That’s not to say PTC hasn’t been busy: “In Creo, nine, we’ve expanded [generative design] by adding support for a safety factor,” explains Sagar. “So now if I’m doing a structural optimisation, I can tell the system to go minimise the mass of my component but minimise it to a certain target safety factor. And based upon the material I’ve got, based on the safety factor of that particular material, it will lead you on generating your optimal design for you.”

Creo 9 has also added modal optimisation, allowing users to maximise a particular fundamental frequency based upon a certain target mass or volume of material. Or conversely, if you want to minimise the mass to achieve a certain minimum.

Within the context of assemblies, users are now able to specify ball joints with the appropriate loads and constraints associated with those.

Creo 9 also sees the expansion of formula driven lattice structures to create gyroids – great for a snazzy concept of a heat exchanger, but something that Creo 9 backs-up with the ability for users to do fluid flow simulations using Creo Simulation Live. It has worked to make these features more user friendly, with Initial Simulation quickly ensuring that an optimisation study is set up correctly, before you waste your time. Equally, is making the lattices useful: in a heat exchanger, for example, it’s simple to block off some of the gyroid volumes, add an inlet and outlet port, and to control how the fluid will transfer through the product. Again, to make this work the best it can, PTC has introduced variable wall thicknesses that allows users to vary the thicknesses (and easily block off volumes) and explicitly control the flow.

Creo Simulation Live maintains its focus on offering designers the ability to do fast-and-early simulations, with enhancements added to performance in order to speed-up analysis that can help change the direction of a design. Sagar adds that with a maintenance release available around June 2022 PTC will add contact simulation inside Creo Simulation Live as well – giving greater control of how components interact with each other in an assembly environment.

Creo Ansys Simulation remains for those big, higher fidelity final simulations in the development process. Among the new features here are some solver updates and added support for bearing loads.

“Bearing loads are somewhat unique in the fact that the volume is applied normal to the surface of the bearing,” says Sagar. “This allows us to more realistically represent the bearings inside your design.”

Creo 9 stochastic lattices
Creo 9 adds further updates to lattice creation, including stochastic lattices

Advances in additive and subtractive manufacturing in Creo 9 flow on nicely from the generative design updates, delivering improved control over stochastic and formula-based lattices and allowing user-defined support structures for advanced additive manufacturing use cases.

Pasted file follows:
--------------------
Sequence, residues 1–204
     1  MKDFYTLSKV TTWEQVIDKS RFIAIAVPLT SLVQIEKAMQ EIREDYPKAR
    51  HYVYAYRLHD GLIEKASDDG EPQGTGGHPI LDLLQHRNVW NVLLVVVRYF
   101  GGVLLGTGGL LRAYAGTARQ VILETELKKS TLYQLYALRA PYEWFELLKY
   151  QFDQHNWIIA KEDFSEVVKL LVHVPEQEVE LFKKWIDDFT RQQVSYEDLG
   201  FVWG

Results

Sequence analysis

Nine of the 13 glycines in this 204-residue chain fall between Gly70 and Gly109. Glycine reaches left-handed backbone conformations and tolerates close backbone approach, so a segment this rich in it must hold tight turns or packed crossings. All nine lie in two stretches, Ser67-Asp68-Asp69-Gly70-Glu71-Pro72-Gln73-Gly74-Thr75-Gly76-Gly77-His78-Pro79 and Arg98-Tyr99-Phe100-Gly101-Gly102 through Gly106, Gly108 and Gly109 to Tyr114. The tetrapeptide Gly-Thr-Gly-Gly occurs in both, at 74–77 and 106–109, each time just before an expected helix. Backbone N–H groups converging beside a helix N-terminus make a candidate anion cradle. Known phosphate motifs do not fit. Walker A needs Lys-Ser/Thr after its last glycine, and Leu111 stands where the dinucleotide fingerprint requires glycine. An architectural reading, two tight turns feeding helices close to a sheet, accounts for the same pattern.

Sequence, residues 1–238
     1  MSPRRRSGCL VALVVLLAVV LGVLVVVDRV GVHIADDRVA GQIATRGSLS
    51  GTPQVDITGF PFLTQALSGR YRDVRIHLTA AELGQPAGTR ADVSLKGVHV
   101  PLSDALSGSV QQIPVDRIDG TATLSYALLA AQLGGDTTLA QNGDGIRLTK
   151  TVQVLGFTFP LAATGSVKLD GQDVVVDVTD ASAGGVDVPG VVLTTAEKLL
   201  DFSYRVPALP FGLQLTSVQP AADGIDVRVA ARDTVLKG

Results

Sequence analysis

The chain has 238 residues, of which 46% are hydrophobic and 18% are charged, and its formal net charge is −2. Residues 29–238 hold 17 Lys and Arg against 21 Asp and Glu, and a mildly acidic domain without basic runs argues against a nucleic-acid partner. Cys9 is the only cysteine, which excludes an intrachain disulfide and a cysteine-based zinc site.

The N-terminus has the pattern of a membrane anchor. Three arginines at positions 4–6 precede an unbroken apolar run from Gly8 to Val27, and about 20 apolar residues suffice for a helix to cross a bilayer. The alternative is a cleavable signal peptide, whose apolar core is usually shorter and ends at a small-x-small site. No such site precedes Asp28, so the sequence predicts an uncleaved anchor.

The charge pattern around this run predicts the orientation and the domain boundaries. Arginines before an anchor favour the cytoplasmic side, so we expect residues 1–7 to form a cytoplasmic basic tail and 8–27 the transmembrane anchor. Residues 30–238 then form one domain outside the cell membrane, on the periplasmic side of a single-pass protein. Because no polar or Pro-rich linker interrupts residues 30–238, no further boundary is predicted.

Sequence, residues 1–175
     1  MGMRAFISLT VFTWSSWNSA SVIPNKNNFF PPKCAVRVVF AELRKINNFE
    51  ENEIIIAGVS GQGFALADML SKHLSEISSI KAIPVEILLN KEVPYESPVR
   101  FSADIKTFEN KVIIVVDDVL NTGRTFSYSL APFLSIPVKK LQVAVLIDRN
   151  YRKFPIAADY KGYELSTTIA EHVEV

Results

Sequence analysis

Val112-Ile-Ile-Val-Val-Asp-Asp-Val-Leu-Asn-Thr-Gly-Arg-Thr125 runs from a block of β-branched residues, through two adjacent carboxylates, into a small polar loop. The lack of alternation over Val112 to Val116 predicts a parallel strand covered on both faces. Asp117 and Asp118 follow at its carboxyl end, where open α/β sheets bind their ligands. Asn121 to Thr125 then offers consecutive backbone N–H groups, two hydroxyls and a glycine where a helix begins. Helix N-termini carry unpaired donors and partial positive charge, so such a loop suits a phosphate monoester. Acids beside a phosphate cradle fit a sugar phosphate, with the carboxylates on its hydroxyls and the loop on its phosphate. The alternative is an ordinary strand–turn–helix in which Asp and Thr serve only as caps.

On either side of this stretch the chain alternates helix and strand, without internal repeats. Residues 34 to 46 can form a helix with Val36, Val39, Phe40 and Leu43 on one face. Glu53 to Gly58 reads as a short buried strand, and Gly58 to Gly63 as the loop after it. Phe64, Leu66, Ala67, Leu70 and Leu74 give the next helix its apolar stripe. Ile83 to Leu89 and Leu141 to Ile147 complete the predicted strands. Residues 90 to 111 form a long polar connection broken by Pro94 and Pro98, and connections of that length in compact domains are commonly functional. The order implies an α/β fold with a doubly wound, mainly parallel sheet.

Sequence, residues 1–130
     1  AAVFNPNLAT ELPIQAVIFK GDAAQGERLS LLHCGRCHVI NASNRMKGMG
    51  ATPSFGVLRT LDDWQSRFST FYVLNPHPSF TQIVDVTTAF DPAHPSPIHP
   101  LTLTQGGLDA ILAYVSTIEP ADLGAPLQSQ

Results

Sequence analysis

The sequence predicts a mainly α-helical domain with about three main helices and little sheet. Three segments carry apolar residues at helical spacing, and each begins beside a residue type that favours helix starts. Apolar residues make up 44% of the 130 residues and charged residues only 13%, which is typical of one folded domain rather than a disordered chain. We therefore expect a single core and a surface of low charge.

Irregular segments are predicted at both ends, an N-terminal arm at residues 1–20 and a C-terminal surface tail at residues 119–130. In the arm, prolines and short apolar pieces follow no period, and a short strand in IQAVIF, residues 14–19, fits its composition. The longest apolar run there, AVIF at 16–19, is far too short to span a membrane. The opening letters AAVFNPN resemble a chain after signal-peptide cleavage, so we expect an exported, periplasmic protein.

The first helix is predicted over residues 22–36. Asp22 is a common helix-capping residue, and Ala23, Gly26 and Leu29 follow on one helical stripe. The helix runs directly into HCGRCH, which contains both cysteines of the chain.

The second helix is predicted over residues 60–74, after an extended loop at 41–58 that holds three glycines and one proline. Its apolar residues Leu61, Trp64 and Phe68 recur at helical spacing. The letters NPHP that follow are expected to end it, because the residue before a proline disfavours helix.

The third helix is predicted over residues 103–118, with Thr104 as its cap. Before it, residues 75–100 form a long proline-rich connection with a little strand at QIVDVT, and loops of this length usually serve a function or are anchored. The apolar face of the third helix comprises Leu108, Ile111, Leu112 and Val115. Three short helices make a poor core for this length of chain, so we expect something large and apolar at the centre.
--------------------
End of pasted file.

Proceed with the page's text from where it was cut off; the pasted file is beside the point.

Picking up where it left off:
“We’ve done a lot of work on improving geometry robustness here to enable us to build more complex geometric scenarios where I’ve got lattice structures over my entire design,” explains Sagar.

In terms of machining, PTC says it has been building out its high speed machining capabilities, starting with roughing and re roughing. In Creo 8 it added support for 3- to 5-axis machining, and in 9 it validates full 5-axis geodesic machining of toolpaths to speed up the process.

The example Sagar gives is an octagonal shape with multiple pockets that need to be machined. Previously these would have had to have been independently selected in a fairly time consuming operation. Now you simply give the software the entire model, and the system will then go and figure out what is the optimal path as to how to go and generate that particular full 5-axis tool path.

There’s also the introduction of adaptive feed rates, that will accelerate or decelerate the cutting tool appropriately as the tool is coming to a change in direction. Firstly, this reduces the chatter of the tool as it starts approaching a tight corner thereby increasing the lifespan of that cutting tool. It also results in better surface finishes on your final pass.

The majority of the subtractive upgrades have been focussed on production manufacturing capabilities, with a bundle of user driven enhancements such as adjustments to the stock model and where users want the optimal toolpath because they’re machining the same thing 1,000 times a day.

“What customers used to do would be to go and generate the toolpath and then maybe go in manually,” says Sagar. “Before post processing, what we’ve done is taken a lot of that information and expose that directly inside Creo. So now in the case of turning operations, you have the ability to split turning profile passes and CL commands have greater control of how the tool is going to enter and exit and this particular tool paths.”

Creo 9 // Verdict

There’s a lot packed in to this latest PTC Creo edition, with more already lined-up to be added-in come the first maintenance release, something not lost on Brian Thompson, who reaffirms the message. “Just keep in mind,” he says at the end of our meeting. “That’s one development year… I think it’s a very impressive result by the team – an incredible amount of capability added to the product.”

He’s not wrong. In the ever competitive field of workhorse 3D CAD systems, there seems to be no let-up in adding new features and ramping up the speed and usability of existing tools, and to this extent Creo users have a lot of new updates to look forward to that have been designed to fit easily into their existing workflow.